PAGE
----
Public perceptions of Carillion collapse

” The parliamentary select committee report pulls no punches in blaming the greed of the Carillion executives, who gouged out millions from the business up to the moment of collapse, with £1.5bn owed to creditors and £0.5bn to the pension fund (Carillion fall blamed on hubris and greed, 16 May). The wider issue, for all financial institutions, is the greed of the “big four” auditors, paid £72m, who colluded with the directors, gave no warnings and signed clean certificates. Surely the executives and auditors should pay all the creditors in full. At what point does the “cosy relationship” become a criminal fraudulent conspiracy? As Polly Toynbee argues, the people want their money back from the fat cats, not slippery apologies. Are the supine regulators part of the conspiracy or will they bring charges?
Noel Hodson
Tax Reconciliations, Oxford

• We in the west criticise Putin’s Russia as a “kleptocracy”, but the damning report into the collapse of Carillion shows that something similar exists in too many of the boardrooms of British companies. Time and again we read reports of chief executives and their boardroom cronies, to quote Frank Field, “stuffing their mouths with gold”, while their companies go to rack and ruin with thousands thrown out of work and pension schemes impoverished. There is a word for people who appropriate other people’s money: “thief”. If boardroom larcenists can steer clear of the law and go unpunished, it is surely time that the law was changed.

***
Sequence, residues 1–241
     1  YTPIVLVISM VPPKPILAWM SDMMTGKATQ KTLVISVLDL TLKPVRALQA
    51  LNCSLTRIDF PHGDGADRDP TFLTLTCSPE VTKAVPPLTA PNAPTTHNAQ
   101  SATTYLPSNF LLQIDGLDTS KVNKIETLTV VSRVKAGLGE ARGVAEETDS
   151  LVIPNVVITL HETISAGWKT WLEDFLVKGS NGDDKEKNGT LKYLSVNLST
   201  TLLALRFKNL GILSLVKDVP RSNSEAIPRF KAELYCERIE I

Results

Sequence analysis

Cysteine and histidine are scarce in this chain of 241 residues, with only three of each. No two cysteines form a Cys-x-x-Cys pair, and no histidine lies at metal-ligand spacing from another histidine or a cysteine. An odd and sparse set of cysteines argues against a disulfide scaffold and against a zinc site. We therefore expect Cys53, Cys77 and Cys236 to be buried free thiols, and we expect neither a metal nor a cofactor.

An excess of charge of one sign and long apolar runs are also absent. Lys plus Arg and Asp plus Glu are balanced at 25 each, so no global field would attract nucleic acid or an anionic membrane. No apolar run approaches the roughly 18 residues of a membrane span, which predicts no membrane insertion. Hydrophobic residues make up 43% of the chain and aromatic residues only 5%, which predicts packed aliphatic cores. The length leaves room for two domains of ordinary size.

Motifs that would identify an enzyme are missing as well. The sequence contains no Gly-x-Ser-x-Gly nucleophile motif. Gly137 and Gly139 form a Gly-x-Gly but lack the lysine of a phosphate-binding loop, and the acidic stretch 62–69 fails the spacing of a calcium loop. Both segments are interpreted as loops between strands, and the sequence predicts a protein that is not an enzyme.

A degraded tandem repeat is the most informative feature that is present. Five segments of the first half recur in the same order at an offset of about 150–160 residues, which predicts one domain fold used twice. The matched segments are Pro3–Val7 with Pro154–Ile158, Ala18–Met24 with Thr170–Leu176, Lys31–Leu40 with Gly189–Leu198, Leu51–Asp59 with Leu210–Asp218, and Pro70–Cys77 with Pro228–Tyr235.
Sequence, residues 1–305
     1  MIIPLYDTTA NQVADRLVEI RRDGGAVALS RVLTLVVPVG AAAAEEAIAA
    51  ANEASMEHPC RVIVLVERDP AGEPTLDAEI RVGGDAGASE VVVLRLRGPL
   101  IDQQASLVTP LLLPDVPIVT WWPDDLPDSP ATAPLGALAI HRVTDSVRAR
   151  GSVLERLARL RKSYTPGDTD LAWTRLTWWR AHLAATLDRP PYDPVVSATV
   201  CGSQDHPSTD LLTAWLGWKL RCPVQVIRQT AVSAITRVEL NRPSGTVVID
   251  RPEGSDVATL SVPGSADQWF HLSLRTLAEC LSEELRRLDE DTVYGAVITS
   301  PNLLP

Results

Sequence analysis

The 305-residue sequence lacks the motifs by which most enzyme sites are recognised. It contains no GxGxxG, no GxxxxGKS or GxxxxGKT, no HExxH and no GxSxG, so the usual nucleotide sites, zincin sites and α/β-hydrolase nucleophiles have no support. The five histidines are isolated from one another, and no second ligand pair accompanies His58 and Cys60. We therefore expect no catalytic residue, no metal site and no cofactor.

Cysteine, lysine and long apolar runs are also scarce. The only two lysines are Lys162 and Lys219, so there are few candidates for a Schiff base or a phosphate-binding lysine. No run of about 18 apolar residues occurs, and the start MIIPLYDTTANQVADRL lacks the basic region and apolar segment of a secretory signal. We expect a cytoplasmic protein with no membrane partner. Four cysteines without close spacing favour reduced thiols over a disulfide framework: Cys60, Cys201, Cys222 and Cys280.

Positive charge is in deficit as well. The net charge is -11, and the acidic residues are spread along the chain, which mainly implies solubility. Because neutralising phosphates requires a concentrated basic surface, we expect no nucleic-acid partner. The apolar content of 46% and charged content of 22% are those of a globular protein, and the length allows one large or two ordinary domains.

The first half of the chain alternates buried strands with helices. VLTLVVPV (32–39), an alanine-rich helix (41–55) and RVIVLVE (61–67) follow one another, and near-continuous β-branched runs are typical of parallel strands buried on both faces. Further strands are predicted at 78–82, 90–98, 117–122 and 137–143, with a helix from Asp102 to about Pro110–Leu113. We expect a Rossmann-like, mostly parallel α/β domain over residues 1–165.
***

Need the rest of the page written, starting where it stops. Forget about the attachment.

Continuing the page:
Ron Mitchell
Coventry

• A simple solution is to ban the auditors of all public companies from undertaking any consultancy or other non-audit work. We need specialist audit firms and totally separate consultancy organisations so that audit opinions are not influenced by potential consultancy fees.
Jim Michie
Chester

The government’s culpability and responsibility for the collapse of Carillion and its consequences is broader and deeper than your article and the select committee’s report suggest: the government’s insistence that its estate be constructed and managed through prime contract procurement strategies increases the risk of prime contractor default and its disastrous consequences, as well as increasing the cost of everything it purchases. There was a time when local builders or suppliers would deal direct with their local government client: now we must go through a pyramid of consultancies, all adding 20% and “retaining” 10%.
Michael Heaton
Warminster, Wiltshire

• If a benefits claimant makes a fraudulent claim they may end up in court for their abuse of public funds. When I read about the way in which public money has been handled by Carillion, I find myself wondering when we can expect the court appearances of the directors and their accountants.
Stephen Decker
Chelmsford, Essex”

https://www.theguardian.com/business/2018/may/17/carillion-and-britains-modern-kleptocracy